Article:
Convex Integration and Synthetic Turbulence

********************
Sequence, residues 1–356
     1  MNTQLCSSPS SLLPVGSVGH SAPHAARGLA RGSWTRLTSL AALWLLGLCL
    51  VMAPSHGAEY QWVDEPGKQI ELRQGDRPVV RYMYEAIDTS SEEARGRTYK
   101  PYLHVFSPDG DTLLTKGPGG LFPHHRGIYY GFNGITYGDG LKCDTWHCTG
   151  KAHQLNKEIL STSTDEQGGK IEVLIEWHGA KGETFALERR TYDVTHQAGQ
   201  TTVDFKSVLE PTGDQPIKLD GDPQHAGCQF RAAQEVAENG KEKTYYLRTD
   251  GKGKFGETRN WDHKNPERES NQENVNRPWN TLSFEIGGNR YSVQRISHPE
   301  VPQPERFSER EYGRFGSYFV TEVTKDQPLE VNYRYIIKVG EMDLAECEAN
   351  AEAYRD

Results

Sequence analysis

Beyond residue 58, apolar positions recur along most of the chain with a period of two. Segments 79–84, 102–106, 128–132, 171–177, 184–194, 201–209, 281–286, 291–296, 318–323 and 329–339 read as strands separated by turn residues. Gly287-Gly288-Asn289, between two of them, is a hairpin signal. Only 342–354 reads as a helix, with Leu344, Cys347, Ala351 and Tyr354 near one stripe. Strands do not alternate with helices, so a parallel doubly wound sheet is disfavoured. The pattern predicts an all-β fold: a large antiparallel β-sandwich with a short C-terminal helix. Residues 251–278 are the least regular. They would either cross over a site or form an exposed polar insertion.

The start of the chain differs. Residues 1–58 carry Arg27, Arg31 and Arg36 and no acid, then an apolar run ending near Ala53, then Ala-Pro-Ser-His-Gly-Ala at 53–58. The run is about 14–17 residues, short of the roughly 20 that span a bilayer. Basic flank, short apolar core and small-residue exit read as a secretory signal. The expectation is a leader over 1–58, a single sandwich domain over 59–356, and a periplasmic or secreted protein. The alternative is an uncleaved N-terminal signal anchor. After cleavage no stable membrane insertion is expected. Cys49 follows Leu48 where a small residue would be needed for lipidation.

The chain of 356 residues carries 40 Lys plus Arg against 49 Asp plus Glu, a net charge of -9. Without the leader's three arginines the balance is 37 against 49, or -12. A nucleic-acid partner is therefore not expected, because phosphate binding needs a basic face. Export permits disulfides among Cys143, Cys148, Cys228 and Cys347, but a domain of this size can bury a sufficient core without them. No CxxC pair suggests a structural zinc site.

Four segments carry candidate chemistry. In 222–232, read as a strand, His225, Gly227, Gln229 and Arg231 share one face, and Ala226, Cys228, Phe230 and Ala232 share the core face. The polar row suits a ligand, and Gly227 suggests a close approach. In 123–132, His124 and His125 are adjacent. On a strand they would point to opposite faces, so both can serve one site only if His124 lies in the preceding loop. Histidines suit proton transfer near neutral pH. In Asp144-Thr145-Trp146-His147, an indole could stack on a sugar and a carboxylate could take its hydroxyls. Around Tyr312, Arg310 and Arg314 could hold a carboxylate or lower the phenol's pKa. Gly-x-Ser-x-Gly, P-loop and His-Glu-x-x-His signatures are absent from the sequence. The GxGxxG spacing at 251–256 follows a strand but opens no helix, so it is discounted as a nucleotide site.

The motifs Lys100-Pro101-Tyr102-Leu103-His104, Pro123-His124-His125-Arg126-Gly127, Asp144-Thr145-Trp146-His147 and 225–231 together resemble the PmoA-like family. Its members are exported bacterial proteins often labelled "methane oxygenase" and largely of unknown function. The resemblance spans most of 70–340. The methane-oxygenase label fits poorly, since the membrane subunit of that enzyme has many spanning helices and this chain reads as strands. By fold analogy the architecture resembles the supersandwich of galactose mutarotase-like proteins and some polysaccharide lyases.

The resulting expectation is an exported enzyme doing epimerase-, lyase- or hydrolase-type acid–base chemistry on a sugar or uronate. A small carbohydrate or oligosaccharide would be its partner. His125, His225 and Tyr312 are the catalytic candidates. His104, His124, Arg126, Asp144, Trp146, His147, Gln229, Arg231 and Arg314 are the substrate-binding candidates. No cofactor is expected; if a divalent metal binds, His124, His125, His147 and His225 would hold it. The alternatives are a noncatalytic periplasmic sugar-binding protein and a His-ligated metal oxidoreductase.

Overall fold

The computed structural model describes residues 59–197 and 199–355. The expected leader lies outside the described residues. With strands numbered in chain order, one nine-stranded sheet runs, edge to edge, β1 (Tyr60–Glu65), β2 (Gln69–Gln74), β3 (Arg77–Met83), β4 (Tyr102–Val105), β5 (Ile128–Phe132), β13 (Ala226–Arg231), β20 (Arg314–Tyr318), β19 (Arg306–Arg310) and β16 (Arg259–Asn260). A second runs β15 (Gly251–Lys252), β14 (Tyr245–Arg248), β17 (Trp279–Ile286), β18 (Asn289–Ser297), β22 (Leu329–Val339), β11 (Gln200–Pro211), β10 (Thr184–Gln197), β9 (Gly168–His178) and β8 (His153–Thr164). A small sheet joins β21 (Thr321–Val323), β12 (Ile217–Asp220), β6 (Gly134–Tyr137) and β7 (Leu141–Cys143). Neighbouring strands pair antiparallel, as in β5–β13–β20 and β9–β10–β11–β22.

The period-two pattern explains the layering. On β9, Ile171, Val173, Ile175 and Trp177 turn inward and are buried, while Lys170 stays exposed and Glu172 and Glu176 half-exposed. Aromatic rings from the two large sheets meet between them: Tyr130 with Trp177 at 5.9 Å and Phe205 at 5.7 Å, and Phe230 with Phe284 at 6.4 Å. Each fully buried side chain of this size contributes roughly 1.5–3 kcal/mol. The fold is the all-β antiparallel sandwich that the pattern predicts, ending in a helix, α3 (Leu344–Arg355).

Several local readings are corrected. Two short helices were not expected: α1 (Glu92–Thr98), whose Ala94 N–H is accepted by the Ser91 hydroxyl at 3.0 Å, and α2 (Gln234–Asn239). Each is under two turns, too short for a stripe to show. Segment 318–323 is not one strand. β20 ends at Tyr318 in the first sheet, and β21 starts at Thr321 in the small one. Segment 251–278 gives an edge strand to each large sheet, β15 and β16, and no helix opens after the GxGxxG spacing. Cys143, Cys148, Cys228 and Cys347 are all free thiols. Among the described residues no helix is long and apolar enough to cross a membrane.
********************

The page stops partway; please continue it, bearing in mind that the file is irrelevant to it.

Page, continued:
In the past decade convex integration has been established as a powerful and versatile technique for the construction of weak solutions of various nonlinear systems of partial differential equations arising in fluid dynamics, including the Euler and Navier-Stokes equations. The existence theorems obtained in this way come at a high price: solutions are highly irregular, non- differentiable, and very much non-unique as there is usually infinitely many of them. Therefore this technique has often been thought of as a way to obtain mathematical counterexamples in the spirit of Weierstrass’ non-differentiable function, rather than advancing physical theory; “pathological”, “wild”, “paradoxical”, “counterintuitive” are some of the adjectives usually associated with solutions obtained via convex integration. In this lecture I would like to draw on some recent examples to show that there are many more sides to the story, and that, with proper usage and interpretation, the convex integration toolbox can indeed provide useful insights for problems in hydrodynamics.